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Stratolaunch achieves first powered flight of hypersonic test vehicle

The bleeding edge: A US aerospace company, Stratolaunch Systems, aims to develop the country’s first privately funded, reusable hypersonic test vehicle. This week’s trial shows it is moving to that goal despite the company’s messy beginning.

Stratolaunch Systems conducted the first powered flight of its Talon-A test vehicle, calling it a significant milestone in developing reusable hypersonic test capability. The company’s giant six-engine carrier aircraft dubbed Roc – the world’s largest airplane – took off from the Mojave Air and Space Port in California with the test vehicle. The Roc carried the test aircraft designated TA-1 attached to its massive wing to a planned altitude, then launched off Califonia’s central coast, eventually landing in the Pacific Ocean.

The objectives for the test flight included a safe air-launch release, engine ignition, acceleration, sustained altitude climb, and controlled water landing. The company claims the vehicle passed with flying colors in all test parameters. Notably, the TA-1’s Hadley rocket engine, designed to push the craft to hypersonic speeds, propelled it for about 200 seconds during the test flight.

Stratolaunch President and CEO Zachary Krevor said the TA-1 reached high supersonic speeds approaching (but not exceeding) Mach 5 and collected tremendous amounts of data. However, he declined to share specific altitude and speed information from the test because of certain confidential customer agreements. The next step is to use the data collected to prepare for TA-2’s first reusable flight later this year.

Stratolaunch is also progressing on the manufacturing of TA-3, the second fully reusable vehicle in the Talon-A product line, as well as beginning modifications to its additional launch platform, the Spirit of Mojave, a modified Boeing 747-400 it acquired from Virgin Orbit’s bankruptcy sale.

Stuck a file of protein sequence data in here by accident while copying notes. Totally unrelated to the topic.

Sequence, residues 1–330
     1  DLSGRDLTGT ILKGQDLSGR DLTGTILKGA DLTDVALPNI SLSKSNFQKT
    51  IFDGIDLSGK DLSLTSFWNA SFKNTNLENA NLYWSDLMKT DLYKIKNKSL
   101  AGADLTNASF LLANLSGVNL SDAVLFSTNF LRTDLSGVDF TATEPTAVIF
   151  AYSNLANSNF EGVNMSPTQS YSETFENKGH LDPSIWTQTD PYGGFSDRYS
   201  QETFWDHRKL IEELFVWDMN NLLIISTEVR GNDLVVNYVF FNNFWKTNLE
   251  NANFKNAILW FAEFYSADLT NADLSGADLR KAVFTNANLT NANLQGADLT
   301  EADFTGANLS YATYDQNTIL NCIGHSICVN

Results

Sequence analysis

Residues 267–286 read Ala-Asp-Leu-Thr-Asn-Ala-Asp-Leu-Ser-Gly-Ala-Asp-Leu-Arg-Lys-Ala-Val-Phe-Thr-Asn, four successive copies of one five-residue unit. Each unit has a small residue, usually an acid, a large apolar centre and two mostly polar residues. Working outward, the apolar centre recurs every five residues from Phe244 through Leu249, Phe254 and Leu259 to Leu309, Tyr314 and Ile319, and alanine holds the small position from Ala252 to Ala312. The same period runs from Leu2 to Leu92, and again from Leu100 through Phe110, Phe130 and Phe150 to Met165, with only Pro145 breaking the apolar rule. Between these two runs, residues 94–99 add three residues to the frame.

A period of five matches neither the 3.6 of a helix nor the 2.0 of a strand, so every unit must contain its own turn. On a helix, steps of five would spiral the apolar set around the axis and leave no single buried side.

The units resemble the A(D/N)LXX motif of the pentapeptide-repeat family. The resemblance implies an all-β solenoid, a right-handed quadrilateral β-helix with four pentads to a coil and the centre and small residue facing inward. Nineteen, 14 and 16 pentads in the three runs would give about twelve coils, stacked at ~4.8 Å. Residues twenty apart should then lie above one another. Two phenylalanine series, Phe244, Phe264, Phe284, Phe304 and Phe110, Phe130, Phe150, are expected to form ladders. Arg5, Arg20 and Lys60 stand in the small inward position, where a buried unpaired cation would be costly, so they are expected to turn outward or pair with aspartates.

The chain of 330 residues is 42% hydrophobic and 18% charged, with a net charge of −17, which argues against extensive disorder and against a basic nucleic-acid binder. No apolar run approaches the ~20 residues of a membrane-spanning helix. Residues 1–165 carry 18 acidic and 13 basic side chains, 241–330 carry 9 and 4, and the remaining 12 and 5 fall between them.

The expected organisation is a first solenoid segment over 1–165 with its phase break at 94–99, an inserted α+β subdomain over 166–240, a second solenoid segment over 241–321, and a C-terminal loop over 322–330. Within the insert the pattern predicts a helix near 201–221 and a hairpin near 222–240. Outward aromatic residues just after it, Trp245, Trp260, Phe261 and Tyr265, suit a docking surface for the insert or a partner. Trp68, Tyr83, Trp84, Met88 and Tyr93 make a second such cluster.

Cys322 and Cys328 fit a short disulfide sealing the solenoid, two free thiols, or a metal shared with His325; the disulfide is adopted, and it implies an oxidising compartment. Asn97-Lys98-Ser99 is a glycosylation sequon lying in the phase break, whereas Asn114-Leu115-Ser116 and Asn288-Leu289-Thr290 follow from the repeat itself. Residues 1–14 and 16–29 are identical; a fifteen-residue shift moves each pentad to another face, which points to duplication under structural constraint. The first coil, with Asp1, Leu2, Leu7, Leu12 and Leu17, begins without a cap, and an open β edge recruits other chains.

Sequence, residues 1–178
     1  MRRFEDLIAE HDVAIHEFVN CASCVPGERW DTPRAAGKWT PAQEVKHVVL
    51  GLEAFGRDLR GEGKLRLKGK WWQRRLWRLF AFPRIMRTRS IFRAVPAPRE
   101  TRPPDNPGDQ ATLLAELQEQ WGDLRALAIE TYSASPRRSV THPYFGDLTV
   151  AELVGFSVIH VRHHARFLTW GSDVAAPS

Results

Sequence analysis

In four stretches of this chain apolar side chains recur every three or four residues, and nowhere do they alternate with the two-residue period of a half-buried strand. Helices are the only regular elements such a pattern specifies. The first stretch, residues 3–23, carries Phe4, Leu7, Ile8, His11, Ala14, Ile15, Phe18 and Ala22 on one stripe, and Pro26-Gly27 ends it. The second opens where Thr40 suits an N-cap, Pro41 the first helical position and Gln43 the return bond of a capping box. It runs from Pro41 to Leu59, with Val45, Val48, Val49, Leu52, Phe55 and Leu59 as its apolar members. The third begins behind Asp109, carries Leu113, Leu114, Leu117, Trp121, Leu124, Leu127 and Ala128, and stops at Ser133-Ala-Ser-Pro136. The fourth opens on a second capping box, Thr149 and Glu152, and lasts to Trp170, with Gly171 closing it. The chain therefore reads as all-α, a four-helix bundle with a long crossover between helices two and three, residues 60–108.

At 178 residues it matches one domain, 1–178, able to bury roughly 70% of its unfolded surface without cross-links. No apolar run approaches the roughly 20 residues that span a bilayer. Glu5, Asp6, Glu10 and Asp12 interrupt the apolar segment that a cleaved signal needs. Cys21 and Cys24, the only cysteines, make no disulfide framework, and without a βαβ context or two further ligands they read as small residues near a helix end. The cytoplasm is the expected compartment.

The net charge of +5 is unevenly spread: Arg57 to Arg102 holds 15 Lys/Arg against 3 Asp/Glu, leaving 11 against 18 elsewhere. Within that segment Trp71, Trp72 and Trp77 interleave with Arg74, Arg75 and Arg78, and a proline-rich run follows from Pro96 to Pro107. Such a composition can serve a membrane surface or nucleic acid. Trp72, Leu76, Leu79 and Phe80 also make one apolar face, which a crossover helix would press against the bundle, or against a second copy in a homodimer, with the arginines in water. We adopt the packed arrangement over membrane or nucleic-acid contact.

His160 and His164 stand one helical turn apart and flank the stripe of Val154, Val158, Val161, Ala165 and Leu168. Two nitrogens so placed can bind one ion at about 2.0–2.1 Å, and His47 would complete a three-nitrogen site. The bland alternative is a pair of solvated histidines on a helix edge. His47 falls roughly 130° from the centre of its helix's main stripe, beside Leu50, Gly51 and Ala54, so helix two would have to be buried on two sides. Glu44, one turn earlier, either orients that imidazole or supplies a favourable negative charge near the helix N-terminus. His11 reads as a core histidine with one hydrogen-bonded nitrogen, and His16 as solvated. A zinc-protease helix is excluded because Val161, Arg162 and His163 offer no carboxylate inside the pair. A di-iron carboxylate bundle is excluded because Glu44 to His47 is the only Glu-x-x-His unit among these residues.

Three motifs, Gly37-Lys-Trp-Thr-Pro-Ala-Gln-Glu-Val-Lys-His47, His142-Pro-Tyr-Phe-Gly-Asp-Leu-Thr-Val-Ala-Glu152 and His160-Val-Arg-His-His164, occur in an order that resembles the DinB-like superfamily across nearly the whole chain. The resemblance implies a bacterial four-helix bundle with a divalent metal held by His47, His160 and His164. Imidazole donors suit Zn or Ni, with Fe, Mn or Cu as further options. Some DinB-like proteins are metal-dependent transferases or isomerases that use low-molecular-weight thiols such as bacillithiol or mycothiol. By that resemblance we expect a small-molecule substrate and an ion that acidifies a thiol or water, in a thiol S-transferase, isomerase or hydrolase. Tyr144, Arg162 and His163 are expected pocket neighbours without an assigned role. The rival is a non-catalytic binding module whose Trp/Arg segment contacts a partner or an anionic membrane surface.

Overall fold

Founded in 2011 by the late Microsoft co-founder Paul Allen, Stratolaunch’s original goal was to launch an orbital vehicle from the Roc. However, it eventually shifted its focus to hypersonic flight testing. Anything flying faster than Mach 1 (the speed of sound) is considered supersonic. Hypersonic flight is anything faster than five times the speed of sound or Mach 5. To that end, Stratolaunch hasn’t quite fulfilled its mission. That said, the company is making progress.

Last month, as part of its preparation for Talon-A’s first powered flight, Stratolaunch conducted a captive carry flight with the TA-1. The test was the second time the Roc carried a Talon vehicle with live propellant. The entire flight lasted a total of 4 hours and 29 minutes.

In this case, the test’s primary objective was to evaluate Talon-A’s propulsion system and the flight environments while carrying live propellant. The mission’s secondary goal was to verify the Roc and TA-1’s tandem telemetry systems with range communication assets. That test was a complete success as well.

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